In this article, our experts discuss how we help mining companies add value using remote operations.
To manage costs and grow revenue, several mining companies have increased their focus on offsite operation and planning over the last decade. Recent control measures including social distancing, lockdowns and travel restrictions, have accelerated the transition of services from mine sites to home offices.
As many of us adapt to remote working conditions, mining companies are realising the benefits of the paradigm shift and trying to understand whether this is a temporary measure or an opportunity that should be exploited further. Do we really need to hear the mill to know that our plants are working?
Greg Lane, Matt Pyle and Grant Ballantyne recently discussed why mining companies should consider remote support (the push and pull factors), outlined how to develop trust, explained how to increase value remotely, and provided examples of our previous successes in our webinar “Solving site challenges from the home office”.
Watch our webinar for more information.
COVID-19 has reinforced the need for diversity in operational improvement and the need to augment site-based activities with off-site services on an international scale. It is time for mining companies to look at what can and can’t be done remotely, identify and find solutions to the challenges of working remotely, and understand the benefits thereof.
Working remotely requires access to large amounts of operating data and the use of data analytics to assess trends, this the realm of big data. Big data provides the opportunity to analyse mass information and turn that information into insights and actions to improve project value. Over the last 40 years, a few mining companies have begun their journey into big data and how to leverage data to improve their operations, particularly through remote operation and planning. The industry’s big players have been leading the change. For example, Rio Tinto has developed remote systems in Western Australia and BHP’s has operation centres in Chile.
However, the flip side is that big data correlations can easily be misinterpreted, resulting in wrong actions. To use data for minimising risks and improving net revenue, it is critical to combine data with expertise and knowledge. When reviewed by the right people, often the most value lies in small data and getting the basics right. Such an approach can lead to quick and actionable insights often months or years in advance of big data projects.
One of the key challenges when it comes to remote operations is building trust between clients and consultants.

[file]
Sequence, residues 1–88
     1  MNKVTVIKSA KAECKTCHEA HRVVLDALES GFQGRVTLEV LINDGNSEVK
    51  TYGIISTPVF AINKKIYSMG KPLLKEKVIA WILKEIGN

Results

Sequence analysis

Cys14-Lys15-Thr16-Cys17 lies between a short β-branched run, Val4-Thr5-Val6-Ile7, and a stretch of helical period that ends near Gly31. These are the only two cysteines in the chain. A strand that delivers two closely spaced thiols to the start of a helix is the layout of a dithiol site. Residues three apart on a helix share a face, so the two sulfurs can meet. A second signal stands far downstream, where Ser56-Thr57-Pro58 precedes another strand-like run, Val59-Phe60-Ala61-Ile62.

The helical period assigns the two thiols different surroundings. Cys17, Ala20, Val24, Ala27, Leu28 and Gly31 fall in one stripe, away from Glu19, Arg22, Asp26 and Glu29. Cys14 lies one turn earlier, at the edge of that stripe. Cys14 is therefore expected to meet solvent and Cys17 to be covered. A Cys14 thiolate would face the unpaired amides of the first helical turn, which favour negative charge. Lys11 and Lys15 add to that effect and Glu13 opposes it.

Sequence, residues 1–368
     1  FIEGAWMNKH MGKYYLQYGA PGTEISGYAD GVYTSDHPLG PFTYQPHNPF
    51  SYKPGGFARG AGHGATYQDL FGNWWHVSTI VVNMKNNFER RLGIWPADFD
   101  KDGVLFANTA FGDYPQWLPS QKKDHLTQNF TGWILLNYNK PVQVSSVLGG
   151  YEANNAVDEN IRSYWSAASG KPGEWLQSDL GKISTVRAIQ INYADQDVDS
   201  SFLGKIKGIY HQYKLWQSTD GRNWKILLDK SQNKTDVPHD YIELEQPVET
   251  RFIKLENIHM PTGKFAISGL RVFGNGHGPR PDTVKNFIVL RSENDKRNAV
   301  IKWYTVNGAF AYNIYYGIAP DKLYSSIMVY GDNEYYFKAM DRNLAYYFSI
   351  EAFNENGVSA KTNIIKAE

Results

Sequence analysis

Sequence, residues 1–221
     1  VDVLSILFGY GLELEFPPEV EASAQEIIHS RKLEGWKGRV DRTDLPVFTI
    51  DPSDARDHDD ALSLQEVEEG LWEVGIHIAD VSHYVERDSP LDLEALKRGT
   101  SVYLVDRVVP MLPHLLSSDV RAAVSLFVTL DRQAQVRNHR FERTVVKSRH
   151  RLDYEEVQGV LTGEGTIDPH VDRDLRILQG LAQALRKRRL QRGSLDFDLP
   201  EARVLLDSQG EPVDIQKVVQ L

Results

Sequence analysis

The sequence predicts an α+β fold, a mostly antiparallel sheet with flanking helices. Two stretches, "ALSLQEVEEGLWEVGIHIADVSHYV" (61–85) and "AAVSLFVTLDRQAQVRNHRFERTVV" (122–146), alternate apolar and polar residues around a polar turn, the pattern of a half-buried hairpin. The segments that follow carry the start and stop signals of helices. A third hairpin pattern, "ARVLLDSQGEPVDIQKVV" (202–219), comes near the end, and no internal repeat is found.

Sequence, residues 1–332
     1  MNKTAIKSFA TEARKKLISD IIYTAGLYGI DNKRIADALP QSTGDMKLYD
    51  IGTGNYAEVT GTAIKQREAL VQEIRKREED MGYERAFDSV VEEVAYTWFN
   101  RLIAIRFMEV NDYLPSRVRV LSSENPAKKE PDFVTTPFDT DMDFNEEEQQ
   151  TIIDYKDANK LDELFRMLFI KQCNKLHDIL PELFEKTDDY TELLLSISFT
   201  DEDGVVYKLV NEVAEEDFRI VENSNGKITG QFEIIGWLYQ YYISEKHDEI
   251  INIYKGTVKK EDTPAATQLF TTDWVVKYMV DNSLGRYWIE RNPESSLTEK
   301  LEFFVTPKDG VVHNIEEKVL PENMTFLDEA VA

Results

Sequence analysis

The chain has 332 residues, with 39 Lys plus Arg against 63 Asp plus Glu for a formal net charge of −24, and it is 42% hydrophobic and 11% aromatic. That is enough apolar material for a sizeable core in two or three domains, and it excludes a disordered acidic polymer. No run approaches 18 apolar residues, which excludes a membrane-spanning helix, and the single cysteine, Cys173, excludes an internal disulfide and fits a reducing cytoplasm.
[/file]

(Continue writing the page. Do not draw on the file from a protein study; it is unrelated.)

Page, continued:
Service providers can achieve trust through effective communication, active listening to clients’ needs, challenging one another to align objectives, developing a clear scope of work, and most importantly, delivering implemented solutions rather than just recommendations. Ironically, developing a clear scope of work to allow actions to be delegated off-site, may not be such a bad thing for normal 'day-to-day' duties.
A key focus for adding value at Ausenco is understanding the different value drivers for each operation. Often, there are quick wins to be had if the overall context of the operation can be understood and leveraged.
It is common that the overall focus areas and priorities compete across individual manager KPIs and responsibilities. Some tension is always required and should be expected between departments of mining, processing, and project management, which have competing objectives. However, it is important that decisions and outcomes are driven by optimising the overall value equation, rather than by operating to incorrect paradigms.
The key to challenging the paradigms is to understand that any project is not just a mill or a flotation circuit, but the entire value chain; from exploration, mining, processing and to market, including community, the environment and everything in between. "The Goal" as succinctly summarised by Eli Goldratt is to increase Project Value by maximising revenue whilst minimising operating costs and inventory (capital cost). This is the focus of any de-bottlenecking activity, whether on-site or remote.
The entire value chain of a mining operation
Once the site context is understood, there are a range of opportunities to add value, including;
The Ausenco method to a successful remote engagement typically starts with strong engagement with the site team. Subcontracting Ausenco employees to site or starting small can help grow the communication and trust. The next stage is to use the experience of the site team to build understanding of the site context and work with the site team to understand where the key opportunities are; sometimes they are already known however implementation may have been the barrier for various reasons.
Once the solutions are identified and the business cases identified, actions are prioritised based on ‘bang for buck’ and time to implement. Quick wins are generally a good place to start to ‘get runs on the board’ while implementation plans for medium and longer term solutions are actioned. Ausenco often works with our clients hand-in-hand to deliver not just a consultant-style report with recommendations, but the real solutions implemented on site and working. The final stage is to review the outcomes and the successes of the changes; did we do what we said, and did we get what we expected?
Ausenco has delivered value for our clients around the world in this way, on-site and remotely, for over 30 years. Some examples of remote value-adding include;
These and other examples of Ausenco’s successful remote operations using our methodology are discussed in more detail in our webinar Solving site challenges from the home office.